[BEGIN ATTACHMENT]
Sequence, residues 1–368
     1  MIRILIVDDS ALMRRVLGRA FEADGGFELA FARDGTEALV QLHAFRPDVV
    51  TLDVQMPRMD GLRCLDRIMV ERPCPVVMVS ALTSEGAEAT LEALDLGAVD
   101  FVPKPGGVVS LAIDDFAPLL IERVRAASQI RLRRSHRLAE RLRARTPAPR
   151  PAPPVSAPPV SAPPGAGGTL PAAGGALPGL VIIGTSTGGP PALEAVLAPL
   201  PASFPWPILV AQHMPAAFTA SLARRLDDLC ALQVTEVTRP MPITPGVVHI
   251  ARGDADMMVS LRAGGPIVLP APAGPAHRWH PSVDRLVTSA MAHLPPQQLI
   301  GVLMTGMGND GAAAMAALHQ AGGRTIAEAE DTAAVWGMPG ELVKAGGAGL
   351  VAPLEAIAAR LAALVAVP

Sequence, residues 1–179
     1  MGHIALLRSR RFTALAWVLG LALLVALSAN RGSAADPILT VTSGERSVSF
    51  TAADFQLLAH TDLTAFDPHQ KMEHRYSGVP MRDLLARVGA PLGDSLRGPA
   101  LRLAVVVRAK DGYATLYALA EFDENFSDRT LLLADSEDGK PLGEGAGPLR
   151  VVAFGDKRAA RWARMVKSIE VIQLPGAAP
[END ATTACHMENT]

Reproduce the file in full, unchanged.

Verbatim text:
Sequence, residues 1–368
     1  MIRILIVDDS ALMRRVLGRA FEADGGFELA FARDGTEALV QLHAFRPDVV
    51  TLDVQMPRMD GLRCLDRIMV ERPCPVVMVS ALTSEGAEAT LEALDLGAVD
   101  FVPKPGGVVS LAIDDFAPLL IERVRAASQI RLRRSHRLAE RLRARTPAPR
   151  PAPPVSAPPV SAPPGAGGTL PAAGGALPGL VIIGTSTGGP PALEAVLAPL
   201  PASFPWPILV AQHMPAAFTA SLARRLDDLC ALQVTEVTRP MPITPGVVHI
   251  ARGDADMMVS LRAGGPIVLP APAGPAHRWH PSVDRLVTSA MAHLPPQQLI
   301  GVLMTGMGND GAAAMAALHQ AGGRTIAEAE DTAAVWGMPG ELVKAGGAGL
   351  VAPLEAIAAR LAALVAVP

Sequence, residues 1–179
     1  MGHIALLRSR RFTALAWVLG LALLVALSAN RGSAADPILT VTSGERSVSF
    51  TAADFQLLAH TDLTAFDPHQ KMEHRYSGVP MRDLLARVGA PLGDSLRGPA
   101  LRLAVVVRAK DGYATLYALA EFDENFSDRT LLLADSEDGK PLGEGAGPLR
   151  VVAFGDKRAA RWARMVKSIE VIQLPGAAP